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The passing of friends - and time

"Our friends - how distant, how mute, how seldom visited and little known. And I, too, am dim to my friends and unknown; a phantom, sometimes seen, often not. Life is a dream surely." Virginia Woolf

The lovely man in the photograph here, our friend Bernie, shown here with his wife Clare, died last week. He was a few days short of his ninetieth birthday I think, and did not look so very different from this photograph here which was taken way back in 2002. His mind was still as alert, amusing and absolutely with it, although, being old, the body had faded. Well actually not much in appearance, but health wise, being the age that he was, of course it had. Let's say his death was due to complications associated with diabetes, although I think it was more complicated than that, but relatively 'peaceful'. I imagine that we can never know what 'peaceful' in the context of death means, until it happens to us. In some ways so much worse for those left behind - his wife Clare in particular.


Bernie belongs in that group of friends that we all have, known for a very long time, never a really close friend, but someone whom it was always a pleasure to see, which we did maybe two or three, maybe less, times a year. We can make excuses for not spending more time together - busy, busy, busy (which we generally are not - these days anyway); or distance - they live in Gisborne which is out in the country a bit over an hour away. An easy drive, but a long one. Or else it's simply a case of time flying by and before we know it, it's Christmas again, which it nearly is, and we haven't done this and we haven't done that, and that list of New Year's resolutions is sadly and somewhat inevitably unresolved.


We got to know Bernie and Clare through mutual friends, sadly also long gone, before I began this blog in fact. I think David may have known Bernie through work contacts as well. Mostly our friendship was maintained through our mutual friends and very possibly more frequently back then than in recent years. For lack of a better word they were all 'intellectuals', thoughtful, entertaining and enlightening. Our mutual friends both died but our friendship with Bernie and Clare continued in company with other mutual friends but also by now, mixing them with friends from other sections of our lives. Fun and brain stretching was guaranteed.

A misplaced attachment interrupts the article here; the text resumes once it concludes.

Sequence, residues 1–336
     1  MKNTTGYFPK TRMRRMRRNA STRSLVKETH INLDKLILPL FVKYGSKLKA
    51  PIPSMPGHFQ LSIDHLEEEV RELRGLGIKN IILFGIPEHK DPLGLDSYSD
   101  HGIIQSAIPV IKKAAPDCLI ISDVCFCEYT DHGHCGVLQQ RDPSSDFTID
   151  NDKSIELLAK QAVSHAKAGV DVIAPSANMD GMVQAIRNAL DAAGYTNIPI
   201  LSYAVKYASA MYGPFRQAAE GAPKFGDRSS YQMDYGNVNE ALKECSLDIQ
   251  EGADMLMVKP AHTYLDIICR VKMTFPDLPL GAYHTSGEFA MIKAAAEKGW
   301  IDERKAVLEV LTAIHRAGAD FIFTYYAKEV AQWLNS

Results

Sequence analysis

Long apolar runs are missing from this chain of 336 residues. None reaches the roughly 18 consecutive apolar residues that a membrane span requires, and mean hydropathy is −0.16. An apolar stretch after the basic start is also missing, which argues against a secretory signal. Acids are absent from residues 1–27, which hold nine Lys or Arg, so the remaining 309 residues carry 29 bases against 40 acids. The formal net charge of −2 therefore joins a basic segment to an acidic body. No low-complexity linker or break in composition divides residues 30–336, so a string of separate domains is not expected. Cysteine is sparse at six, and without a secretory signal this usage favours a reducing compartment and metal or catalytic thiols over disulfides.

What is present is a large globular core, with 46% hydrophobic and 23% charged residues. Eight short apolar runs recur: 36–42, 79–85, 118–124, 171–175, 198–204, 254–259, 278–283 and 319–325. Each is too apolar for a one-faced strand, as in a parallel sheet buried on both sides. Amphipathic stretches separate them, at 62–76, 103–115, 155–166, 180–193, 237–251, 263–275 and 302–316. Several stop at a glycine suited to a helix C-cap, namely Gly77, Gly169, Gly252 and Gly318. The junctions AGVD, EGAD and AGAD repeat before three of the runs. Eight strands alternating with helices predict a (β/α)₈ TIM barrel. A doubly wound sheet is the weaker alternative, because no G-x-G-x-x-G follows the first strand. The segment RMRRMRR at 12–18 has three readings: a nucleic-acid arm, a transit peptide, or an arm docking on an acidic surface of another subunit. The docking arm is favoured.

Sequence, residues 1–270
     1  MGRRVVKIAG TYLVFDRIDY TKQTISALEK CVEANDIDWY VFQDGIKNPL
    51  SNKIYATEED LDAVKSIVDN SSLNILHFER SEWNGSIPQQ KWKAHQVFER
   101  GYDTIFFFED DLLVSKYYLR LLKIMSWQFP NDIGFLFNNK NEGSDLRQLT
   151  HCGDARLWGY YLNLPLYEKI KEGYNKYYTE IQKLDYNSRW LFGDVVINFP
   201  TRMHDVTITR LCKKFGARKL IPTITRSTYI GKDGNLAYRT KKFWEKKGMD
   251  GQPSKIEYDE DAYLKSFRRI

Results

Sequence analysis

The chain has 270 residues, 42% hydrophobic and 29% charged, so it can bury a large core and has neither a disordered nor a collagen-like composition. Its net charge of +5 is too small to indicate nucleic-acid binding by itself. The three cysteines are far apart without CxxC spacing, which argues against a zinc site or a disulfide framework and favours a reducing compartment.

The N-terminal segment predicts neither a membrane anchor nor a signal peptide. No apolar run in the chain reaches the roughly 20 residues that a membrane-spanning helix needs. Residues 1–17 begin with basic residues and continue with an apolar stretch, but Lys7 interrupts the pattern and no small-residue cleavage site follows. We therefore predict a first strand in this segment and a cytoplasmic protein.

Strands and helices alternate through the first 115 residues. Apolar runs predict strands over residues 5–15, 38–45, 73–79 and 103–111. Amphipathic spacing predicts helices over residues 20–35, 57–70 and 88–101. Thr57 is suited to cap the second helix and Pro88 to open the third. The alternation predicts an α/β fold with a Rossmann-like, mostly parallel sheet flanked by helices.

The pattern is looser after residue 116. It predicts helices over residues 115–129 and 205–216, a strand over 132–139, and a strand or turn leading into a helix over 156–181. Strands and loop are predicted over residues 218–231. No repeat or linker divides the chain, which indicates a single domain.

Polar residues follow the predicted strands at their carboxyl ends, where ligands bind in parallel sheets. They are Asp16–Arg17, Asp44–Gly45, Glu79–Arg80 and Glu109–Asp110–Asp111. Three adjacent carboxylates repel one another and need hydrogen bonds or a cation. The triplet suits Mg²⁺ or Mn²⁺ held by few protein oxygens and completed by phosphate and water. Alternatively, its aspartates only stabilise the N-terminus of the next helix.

I feel blessed that our last encounter was fairly recently - but no I am wrong. It was way back in July, when we visited them for lunch. I checked my diary and discovered that once again I had been tricked by time. It flies past without our noticing and here we are in November, with me thinking that we perhaps had met in September.


I have met many interesting, admirable people in my life, and Bernie was one of them. I cannot say that I knew him well, but I, and David too, were always delighted to spend a few hours in his company. We did not actually holiday together in Europe, although once we nearly did. I am sorry that we did not as I am sure that he would have been a most delightful companion. My apologies for the two bad photos - they are the only ones I could find.


I know that I have not said much. It saddens me to realise that I actually did not know him very well, but he was so much more than a mere acquaintance. So I cannot just let his passing go, without a mention. His life is over. He may not have left anything significant behind in the wider world's eyes - some scientific discovery, a work of art, a landmark of some kind. In time he will be completely forgotten, as shall we all, some, of course more rapidly than others. He does at least have a family and many friends who will remember him for a time. And perhaps that his best legacy.


Heartfelt condolences to Clare.





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